Mind The Gap
People ask me all the time if I like Toronto. It’s a complicated question.
I love the city itself. The tall buildings, bright lights, unique neighbourhoods.The restaurants are of course amazing. I also love that there is something entertaining going on at any given hour on any day of the week. There’s no way to get bored.
I have two issues with Toronto. First, the people. To put it nicely, I have a very “small town” demeanour. I didn’t jive with a lot of the big city folk. It happens.
Secondly, public transportation.
Coming from a city where the bus ran every 55 minutes, Toronto’s Transportation Committee (aka “The TTC”) was amazing at first. The concept of walking out the door without checking a schedule and having something pick me up within five minutes was completely new.
But it grew old. Fast.
I spent SO much of my time in Toronto on public transportation. It killed a part of my soul.
First, there’s the streetcar which runs on a cable and above ground track. Living in the east end, this was my number one way to get to the heart of the city. It took forever. As in, it moved slooow. Also as in, you could wait 20 minutes in –20 C weather for one to show up.
On days where I trained my early morning clients, the 24-hour streetcar was one of my methods of getting to work. It was usually just me and the construction workers at 5am. They would stare at me as I chowed down on my breakfast concoction of the day. Eaten precariously as we rattled down one of the city’s main roads.
The streetcar was also my only way home on late nights out on the town. It’s supposed to run every 10 minutes. But there were nights when we would wait an hour, turning a late night into an even later (or earlier) one. Streetcars also attract the drunk-in-public folk, be it 2am or 1oam. The Queen Car – my car – is the craziest route by far. As in, it’s where I met/avoided the craziest people in Toronto.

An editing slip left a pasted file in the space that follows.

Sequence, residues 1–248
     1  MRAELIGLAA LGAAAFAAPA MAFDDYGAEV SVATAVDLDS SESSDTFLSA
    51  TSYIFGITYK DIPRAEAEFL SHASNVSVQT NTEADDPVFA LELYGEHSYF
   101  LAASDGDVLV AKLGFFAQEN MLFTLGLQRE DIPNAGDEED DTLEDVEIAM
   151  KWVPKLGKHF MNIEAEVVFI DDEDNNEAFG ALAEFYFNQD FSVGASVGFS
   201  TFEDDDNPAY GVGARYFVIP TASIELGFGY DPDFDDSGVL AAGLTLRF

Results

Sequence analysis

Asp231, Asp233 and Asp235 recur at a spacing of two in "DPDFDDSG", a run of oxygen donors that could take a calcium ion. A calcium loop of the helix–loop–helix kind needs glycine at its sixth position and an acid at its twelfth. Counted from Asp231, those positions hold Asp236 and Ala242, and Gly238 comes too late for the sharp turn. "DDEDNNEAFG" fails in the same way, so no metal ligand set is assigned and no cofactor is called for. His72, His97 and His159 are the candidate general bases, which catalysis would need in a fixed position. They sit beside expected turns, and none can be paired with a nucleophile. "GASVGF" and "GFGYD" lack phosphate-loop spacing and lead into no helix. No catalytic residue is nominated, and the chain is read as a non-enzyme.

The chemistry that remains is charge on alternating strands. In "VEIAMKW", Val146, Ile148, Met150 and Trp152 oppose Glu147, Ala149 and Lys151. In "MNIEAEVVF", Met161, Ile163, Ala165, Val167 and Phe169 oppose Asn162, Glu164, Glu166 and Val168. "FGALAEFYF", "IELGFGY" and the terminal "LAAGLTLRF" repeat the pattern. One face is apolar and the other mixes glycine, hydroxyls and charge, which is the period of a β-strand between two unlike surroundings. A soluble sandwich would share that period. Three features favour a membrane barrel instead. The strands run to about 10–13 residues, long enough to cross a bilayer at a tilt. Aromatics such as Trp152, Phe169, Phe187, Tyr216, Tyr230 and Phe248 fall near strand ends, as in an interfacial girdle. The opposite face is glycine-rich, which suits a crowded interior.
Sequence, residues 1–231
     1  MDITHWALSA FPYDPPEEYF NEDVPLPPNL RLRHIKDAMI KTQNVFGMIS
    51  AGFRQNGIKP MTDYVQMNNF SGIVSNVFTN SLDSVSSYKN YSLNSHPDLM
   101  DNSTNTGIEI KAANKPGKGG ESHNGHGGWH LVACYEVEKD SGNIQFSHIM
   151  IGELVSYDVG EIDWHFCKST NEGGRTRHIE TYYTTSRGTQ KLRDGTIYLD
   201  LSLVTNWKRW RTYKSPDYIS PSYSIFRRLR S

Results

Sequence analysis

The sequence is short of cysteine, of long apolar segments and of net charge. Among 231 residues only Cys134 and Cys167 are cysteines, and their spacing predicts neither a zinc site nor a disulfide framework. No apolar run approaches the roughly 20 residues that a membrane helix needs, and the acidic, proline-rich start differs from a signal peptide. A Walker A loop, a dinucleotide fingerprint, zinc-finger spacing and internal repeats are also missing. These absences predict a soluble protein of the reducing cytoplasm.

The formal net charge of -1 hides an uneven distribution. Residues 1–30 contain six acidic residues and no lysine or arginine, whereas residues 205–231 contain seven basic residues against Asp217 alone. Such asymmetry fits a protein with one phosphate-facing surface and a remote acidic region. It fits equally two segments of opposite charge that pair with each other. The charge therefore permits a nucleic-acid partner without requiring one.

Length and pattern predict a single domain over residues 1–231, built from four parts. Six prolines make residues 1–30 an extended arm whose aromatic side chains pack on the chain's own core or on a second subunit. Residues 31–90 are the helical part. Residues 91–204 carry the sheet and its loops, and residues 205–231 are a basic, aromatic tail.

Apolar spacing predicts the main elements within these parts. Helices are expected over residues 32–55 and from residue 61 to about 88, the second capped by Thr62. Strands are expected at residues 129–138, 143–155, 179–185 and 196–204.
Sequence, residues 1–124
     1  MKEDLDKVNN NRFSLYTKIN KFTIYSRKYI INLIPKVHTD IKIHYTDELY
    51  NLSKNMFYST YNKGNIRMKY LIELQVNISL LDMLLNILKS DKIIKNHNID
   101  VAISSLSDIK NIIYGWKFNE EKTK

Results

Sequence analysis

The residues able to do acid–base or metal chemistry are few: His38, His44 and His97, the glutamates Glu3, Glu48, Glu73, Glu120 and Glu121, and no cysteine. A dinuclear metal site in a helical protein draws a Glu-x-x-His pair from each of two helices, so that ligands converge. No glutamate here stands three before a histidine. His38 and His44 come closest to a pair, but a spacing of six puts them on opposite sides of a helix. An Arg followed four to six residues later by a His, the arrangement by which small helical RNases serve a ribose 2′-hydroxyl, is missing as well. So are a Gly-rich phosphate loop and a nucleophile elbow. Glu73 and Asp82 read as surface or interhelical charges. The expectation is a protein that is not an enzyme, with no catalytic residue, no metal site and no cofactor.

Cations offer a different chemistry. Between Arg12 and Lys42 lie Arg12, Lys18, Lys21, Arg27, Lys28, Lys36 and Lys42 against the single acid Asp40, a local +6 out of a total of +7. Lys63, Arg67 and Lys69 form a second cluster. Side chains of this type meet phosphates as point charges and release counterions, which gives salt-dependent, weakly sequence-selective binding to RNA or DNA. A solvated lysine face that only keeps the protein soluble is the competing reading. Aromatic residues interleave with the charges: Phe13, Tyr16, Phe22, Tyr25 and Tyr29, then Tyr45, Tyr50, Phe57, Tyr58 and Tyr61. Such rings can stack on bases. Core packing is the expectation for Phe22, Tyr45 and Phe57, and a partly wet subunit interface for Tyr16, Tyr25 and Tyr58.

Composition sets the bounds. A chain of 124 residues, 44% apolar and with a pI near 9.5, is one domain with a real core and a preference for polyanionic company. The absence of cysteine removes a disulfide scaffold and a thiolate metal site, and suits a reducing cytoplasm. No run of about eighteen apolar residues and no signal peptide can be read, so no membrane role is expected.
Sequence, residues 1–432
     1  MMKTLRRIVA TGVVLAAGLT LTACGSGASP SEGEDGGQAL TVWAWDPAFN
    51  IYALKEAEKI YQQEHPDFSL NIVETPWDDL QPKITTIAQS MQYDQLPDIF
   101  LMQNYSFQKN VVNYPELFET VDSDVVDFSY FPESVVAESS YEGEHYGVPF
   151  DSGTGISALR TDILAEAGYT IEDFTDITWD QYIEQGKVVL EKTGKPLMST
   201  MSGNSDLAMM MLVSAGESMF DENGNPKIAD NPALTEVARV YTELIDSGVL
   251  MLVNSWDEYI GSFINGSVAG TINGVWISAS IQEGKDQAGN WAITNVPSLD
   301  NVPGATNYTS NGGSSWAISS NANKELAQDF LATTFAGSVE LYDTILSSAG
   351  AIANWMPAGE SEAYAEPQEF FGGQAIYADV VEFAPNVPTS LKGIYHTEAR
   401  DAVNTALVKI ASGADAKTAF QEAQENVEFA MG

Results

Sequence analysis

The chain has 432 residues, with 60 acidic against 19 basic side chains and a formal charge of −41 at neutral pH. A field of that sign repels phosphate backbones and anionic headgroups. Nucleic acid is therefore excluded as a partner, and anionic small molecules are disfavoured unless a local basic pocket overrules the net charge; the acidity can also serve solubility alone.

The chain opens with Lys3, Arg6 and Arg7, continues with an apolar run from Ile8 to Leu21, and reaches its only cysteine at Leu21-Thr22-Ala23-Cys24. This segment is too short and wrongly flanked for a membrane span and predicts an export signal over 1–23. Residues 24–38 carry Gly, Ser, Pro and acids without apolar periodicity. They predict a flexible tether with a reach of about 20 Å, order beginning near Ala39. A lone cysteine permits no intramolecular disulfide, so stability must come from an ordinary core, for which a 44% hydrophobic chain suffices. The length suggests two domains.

Then there’s the bus. I actually love Toronto’s back-and-forth bus routes. No mind-numbing loops. The bus was only ever an intermediate for me. A lot of people poo-poo the bus around here. But it’s actually my preferred method of public travel in a city.
Finally, we’ve got the subway. At first, the subway intimidated me. The map with the coloured lines made no sense. The doors that closed “no matter what” scared me. And what if I fell on the tracks!?
I have spent SO much time sitting on the subway over the last nine months that I can say I am way past any fears I had. Now my number one emotion towards the subway is depression. Backed by a hefty dose of frustration.
I will never understand how so many people can cram shoulder to shoulder on a subway and try so hard not to look at each other. I’ve gotten delayed on a subway almost every day since moving here (that’s a gripe for another day) and have rarely ever bitched about it with my fellow passengers. Why do humans in big cities try so hard to ignore and avoid each other?
In the end, I’ve spent 2-4 hours a day sitting on public transportation since moving to Toronto. That’s because even though my apartment and jobs were very much within the city’s core, they were still an hour away from each other. It’s just the reality of living in a big city. It takes forever to get anywhere.
On the bright side, I read a lot of great novels. But I wasted a lot of productive life hours being transported on a moving mosh pit. And it turned me in to a bit of a germaphobe, I’ve been sick almost every day since I started taking the TTC.
When I look back on my experience in Toronto, many of my memories will be taken over by my time spent on the TTC. I guess I’ll miss the 5 minute waits, but I will definitely be happy to have those commuting hours of my life back.
Question of the Day: Do you have a long commute? Car? Public transportation? Feel free to vent your frustrations here. This is a safe space ;)